Kagawa, at his best, is a link man able to provide the cutting edge and final ball that converts the work of a deeper midfield orchestrator into goal scoring opportunities for his main forward or goals for himself. At United, he has also suffered the consequences of the problems deeper in midfield. With the central midfielders lacking ideas, Kagawa, when chosen, has been expected to orchestrate.

Yet, his CMs have rarely demonstrated the vision, courage, or technique to play passes into him quick enough when he finds pockets of space. On the few occasions that they do, United’s fans have been treated to flashes of genius: a clever turn or a delicate through ball. Usually, United’s slow and stagnant play in the middle means, he does not receive the ball when or where he wants. As a result, he is uninvolved in play for long periods or marked by the time the ball arrives, and then bullied off of it.

Moyes, who still seems unconvinced by Kagawa’s talents, then singles him out as the player having a quiet game, hence the half time substitution against West Brom this season. The player suffers a dent to his confidence and is less likely to recapture the form that earned his spot in the Bundesliga Team of The Year twice.

Dortmund’s fans have pleaded with United to “Free Shinji!” He does need freedom to realise his full potential, tactical freedom. He can only excel from a starting position on the wing, if he is allowed to drift and interchange at will, but he has and seemingly will struggle to cope with the burden of defensive responsibility and obligation to support Evra. To afford him this freedom would put Moyes at square one with Rooney, asking him to put his personal preferences aside for the better of the team.

So, is there a way to play two of the best strikers in the league and also have a playmaker in the hole? Brendan Rodgers, faced with the same question, has been rewarded for his risky shift to a 3-5-2. Could Moyes follow suit?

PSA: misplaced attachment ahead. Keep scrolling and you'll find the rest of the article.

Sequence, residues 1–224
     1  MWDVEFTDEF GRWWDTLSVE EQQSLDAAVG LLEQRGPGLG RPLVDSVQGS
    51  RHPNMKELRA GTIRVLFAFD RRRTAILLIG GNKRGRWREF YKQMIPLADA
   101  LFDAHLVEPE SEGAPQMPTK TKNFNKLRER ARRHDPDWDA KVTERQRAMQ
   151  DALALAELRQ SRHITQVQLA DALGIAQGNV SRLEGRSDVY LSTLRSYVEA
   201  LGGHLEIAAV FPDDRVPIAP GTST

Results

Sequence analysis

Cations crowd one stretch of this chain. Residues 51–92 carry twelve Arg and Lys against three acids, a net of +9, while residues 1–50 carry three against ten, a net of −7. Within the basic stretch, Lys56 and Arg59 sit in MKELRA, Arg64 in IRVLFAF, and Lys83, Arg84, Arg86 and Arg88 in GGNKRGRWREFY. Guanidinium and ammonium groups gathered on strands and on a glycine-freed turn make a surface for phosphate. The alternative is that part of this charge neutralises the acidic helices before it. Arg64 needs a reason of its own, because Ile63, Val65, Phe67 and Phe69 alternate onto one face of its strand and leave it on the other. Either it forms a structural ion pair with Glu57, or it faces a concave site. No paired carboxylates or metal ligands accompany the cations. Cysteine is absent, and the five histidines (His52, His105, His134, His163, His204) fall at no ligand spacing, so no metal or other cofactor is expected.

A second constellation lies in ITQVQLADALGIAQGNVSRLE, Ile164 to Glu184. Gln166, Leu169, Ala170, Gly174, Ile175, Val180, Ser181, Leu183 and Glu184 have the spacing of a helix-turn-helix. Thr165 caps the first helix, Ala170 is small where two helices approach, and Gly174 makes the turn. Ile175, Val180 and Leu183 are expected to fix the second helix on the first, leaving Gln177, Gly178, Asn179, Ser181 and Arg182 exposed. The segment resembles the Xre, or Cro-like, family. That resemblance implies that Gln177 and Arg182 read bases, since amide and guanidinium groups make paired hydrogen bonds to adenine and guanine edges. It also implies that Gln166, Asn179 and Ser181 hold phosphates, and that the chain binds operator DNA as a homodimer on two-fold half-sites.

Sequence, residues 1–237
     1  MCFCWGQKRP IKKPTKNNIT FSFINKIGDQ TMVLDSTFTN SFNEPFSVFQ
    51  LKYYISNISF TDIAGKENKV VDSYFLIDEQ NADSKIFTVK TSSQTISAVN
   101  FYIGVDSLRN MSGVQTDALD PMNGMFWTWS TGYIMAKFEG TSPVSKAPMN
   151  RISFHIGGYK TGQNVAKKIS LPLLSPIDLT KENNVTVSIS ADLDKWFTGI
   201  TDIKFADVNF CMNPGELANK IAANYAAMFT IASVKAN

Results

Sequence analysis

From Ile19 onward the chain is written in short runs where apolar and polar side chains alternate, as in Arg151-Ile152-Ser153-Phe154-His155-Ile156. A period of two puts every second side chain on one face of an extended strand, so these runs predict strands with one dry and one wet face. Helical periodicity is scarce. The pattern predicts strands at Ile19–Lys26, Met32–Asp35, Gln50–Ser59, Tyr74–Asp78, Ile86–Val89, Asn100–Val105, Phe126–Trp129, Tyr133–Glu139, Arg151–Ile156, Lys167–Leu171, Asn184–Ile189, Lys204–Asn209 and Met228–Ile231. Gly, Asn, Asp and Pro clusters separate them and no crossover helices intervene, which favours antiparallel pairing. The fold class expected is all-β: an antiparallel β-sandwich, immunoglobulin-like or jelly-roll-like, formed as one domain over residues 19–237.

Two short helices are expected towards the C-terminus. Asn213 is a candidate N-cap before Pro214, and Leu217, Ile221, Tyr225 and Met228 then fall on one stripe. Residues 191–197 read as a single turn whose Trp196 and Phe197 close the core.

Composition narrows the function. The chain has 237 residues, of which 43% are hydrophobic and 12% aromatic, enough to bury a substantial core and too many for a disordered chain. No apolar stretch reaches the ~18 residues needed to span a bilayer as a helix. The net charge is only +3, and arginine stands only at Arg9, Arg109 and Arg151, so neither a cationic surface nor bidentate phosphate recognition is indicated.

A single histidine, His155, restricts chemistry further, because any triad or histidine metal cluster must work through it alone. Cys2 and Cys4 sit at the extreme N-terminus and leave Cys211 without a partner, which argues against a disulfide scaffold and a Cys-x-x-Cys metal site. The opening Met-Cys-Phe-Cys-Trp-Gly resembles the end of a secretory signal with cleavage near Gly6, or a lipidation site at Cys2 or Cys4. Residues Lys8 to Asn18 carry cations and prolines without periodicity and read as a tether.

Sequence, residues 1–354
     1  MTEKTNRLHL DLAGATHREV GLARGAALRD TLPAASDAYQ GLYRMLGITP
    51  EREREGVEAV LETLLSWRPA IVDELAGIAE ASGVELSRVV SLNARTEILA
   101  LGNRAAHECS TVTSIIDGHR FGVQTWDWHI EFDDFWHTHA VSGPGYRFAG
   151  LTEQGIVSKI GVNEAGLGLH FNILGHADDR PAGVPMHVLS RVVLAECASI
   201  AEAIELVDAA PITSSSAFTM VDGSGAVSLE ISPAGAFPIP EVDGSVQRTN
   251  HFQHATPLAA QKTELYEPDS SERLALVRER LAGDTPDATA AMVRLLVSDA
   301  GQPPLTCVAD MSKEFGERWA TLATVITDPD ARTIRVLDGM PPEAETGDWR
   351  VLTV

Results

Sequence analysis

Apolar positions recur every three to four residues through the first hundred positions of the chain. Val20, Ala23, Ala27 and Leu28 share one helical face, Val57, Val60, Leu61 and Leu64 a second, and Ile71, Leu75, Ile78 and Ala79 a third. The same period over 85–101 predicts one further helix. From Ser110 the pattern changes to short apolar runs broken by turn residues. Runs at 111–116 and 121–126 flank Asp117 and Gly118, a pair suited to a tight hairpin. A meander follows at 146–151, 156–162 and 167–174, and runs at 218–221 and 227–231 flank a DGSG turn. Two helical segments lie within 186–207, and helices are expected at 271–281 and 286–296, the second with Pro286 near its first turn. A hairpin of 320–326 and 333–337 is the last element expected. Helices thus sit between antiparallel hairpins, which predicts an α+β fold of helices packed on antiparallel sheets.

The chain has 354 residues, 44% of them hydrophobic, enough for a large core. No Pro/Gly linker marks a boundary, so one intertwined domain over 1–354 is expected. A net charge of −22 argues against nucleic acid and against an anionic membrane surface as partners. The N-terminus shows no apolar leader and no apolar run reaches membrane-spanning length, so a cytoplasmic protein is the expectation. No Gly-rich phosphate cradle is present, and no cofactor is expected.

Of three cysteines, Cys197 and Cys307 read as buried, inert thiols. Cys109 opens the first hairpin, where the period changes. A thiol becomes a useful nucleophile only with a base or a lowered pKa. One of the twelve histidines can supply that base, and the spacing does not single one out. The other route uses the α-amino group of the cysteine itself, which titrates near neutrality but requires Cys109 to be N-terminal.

Few of the pundits praising Rodgers’ use of this system have noted that its reintroduction is actually another legacy of Sir Alex. A fluid and incisive United fired five goals whilst adopting this system against West Brom in Ferguson’s last Premier League game. Kagawa was superb, linking with Rooney and scoring United’s first. The wing back role also suited Valencia’s versatile attributes, but there is no left sided equivalent and the centre-backs also struggled. United also conceded five. It may not be feasible against quality opposition, but it would be an interesting experiment against those sides who turn up at Old Trafford looking to park the bus.

Ultimately, Adnan Januzaj’s emergence adds another element of pressure and one suspects that Kagawa’s best form is more reliant on United investing in better CMs. Yet, Kagawa has world class talent and such talent should not be wasted. The thought of Kagawa, in his best form, linking with RVP, Rooney, and young Januzaj is an exciting prospect. One wonders if it will become reality. Moyes must discover how to get the best out of him within the next seven months or Kagawa must become another Forlan: a cult hero at United, a genuine star elsewhere.

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Premier League
Shinji Kagawa
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This article has been written by a member of the GiveMeSport Writing Academy and does not represent the views of or SportsNewMedia. The views and opinions expressed are solely that of the author credited at the top of this article. and SportsNewMedia do not take any responsibility for the content of its contributors.